Inside City Politics
Three local ballot measures are poised to grab a share of the limelight in the 2020 election cycle. One is certain to appear on the March 3 primary ballot. Two others may work their way into the Nov. 3 general election. None should be overlooked.
A new way to manage the homeless problem is making its way across California. It’s called civil conservatorship for the chronically unsheltered, and it’s gaining traction.
In October, Gov. Gavin Newsom signed Senate Bill 40, which enhanced existing laws that allow three counties to obtain conservatorships over mentally ill homeless people who can’t care for themselves. For now, the law is limited to San Francisco, Los Angeles and San Diego counties. It’s time to expand the scope and reach of civil conservatorships.
Ukrainian-born Andrey Kukushkin is a man in the middle. He has roles in two scandals, one consuming Washington, D.C., and the other rocking Sacramento City Hall and the local regulated pot industry.
Kukushkin is one of four men indicted by federal prosecutors for allegedly trying to channel offshore money into the campaigns of U.S. politicians to gain entry into pot industries in Nevada, New York and other states.
Sacramento received some good news recently. You might have missed it. There was no announcement, no media briefings. There were a few brief and whispered acknowledgements around City Hall, the kind where someone smiles tightly and says, “I just want you to know.”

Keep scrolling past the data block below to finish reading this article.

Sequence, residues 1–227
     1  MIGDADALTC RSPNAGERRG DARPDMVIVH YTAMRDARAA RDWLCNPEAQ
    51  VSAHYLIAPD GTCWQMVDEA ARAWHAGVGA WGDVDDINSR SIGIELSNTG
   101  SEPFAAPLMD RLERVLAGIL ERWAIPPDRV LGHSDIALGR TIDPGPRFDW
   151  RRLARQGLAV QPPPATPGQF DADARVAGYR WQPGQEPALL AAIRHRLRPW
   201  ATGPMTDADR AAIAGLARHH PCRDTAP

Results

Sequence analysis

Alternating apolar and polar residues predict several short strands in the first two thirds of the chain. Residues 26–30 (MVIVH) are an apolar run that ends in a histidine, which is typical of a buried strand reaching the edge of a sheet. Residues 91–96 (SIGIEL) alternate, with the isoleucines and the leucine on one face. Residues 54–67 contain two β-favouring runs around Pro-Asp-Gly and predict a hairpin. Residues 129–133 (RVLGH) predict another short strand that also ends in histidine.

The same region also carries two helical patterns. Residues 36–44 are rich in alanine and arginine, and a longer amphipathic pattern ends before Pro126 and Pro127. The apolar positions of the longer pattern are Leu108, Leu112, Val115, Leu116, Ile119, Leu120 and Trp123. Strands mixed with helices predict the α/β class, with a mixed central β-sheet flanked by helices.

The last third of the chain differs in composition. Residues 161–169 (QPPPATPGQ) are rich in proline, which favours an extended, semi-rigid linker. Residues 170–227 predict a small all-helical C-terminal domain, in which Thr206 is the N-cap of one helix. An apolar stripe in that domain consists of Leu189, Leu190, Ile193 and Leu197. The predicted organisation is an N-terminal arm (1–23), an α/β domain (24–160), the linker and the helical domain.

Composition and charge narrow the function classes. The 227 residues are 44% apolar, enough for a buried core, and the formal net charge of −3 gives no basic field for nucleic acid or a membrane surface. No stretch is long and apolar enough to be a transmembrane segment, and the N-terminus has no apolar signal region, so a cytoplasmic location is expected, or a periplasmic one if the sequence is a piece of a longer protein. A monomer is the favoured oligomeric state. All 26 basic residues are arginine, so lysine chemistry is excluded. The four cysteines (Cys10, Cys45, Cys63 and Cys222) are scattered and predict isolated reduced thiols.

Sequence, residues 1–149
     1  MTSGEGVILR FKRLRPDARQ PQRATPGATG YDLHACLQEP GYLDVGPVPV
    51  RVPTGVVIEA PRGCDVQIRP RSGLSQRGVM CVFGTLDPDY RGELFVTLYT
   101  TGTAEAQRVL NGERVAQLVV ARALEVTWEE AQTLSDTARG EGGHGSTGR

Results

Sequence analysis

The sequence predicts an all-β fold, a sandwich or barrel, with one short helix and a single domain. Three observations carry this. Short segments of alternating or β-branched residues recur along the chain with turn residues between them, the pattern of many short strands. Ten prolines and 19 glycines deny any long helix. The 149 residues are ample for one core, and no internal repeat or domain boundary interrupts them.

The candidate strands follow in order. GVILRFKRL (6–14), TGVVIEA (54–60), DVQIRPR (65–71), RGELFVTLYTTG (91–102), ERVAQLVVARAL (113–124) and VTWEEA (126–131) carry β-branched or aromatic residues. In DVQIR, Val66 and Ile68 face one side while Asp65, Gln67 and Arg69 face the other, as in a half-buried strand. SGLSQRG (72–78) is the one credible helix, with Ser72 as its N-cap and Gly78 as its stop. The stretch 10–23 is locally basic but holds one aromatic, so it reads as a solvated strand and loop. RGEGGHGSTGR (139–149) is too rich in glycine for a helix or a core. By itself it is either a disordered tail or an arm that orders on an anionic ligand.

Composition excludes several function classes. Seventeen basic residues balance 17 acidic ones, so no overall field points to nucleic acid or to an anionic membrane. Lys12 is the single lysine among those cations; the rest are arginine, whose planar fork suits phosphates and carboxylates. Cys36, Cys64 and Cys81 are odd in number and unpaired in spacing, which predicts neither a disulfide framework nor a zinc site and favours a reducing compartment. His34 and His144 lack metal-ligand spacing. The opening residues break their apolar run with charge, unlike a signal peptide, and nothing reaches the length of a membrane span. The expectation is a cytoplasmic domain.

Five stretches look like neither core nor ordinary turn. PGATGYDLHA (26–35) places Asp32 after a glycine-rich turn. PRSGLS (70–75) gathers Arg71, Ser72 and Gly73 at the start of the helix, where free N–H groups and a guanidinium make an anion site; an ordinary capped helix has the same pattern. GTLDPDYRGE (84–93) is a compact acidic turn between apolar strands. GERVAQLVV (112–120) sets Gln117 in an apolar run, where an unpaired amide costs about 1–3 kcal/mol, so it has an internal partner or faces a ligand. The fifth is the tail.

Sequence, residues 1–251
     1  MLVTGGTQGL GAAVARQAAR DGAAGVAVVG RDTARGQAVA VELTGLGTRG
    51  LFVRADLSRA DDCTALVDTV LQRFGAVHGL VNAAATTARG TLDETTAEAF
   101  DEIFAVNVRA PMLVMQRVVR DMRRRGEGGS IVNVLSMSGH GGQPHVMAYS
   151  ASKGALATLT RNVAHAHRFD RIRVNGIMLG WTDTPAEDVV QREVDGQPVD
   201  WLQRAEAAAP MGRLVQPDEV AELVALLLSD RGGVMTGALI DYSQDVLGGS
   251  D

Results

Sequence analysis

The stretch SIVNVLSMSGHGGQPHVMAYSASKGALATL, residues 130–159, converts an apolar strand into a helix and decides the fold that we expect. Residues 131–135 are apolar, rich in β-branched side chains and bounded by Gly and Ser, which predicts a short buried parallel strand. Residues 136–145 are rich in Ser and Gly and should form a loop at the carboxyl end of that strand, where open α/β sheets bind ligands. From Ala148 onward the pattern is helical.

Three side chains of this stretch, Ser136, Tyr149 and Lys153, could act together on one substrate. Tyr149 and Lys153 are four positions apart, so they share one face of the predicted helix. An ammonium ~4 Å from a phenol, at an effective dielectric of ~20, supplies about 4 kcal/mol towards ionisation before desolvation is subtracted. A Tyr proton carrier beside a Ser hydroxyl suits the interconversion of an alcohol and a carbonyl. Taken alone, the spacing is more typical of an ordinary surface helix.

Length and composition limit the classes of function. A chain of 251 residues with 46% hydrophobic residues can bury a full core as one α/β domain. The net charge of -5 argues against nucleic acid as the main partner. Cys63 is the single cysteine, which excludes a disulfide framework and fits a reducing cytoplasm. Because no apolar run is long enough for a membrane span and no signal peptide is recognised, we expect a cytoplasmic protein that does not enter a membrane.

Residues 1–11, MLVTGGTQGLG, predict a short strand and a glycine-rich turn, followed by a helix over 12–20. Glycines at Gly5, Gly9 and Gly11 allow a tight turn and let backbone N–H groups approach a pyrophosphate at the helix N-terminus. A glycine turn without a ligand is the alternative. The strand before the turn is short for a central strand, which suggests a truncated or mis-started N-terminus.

Here’s the good news: There will not be another strong mayor campaign in Sacramento, at least not in the bankable future, and not conducted by Darrell Steinberg. After 11 years of plotting and dreaming that extended across two uniquely ambitious mayoral administrations, reality has been accepted at the center office on the fifth floor at City Hall.
Every time I see a homeless encampment, I feel disheartened. They are among the least healthy environments in our city, rife with crime, trash, unsanitary conditions, open drug use, discarded needles and despair.
Tent encampments are testaments to our failure as a community and society to deal with the scourge created by drug addiction, mental infirmity and the economic factors that compel people to live on the streets.
America is binging on outrage because liberals are arrogant elitists recklessly opening our borders and bankrupting the country, while conservatives are hateful bigots bent on destroying the environment and oppressing poor people.
Neither statement is true, but both stereotypes feed the outrage addiction that has become the default narrative of public dialogue.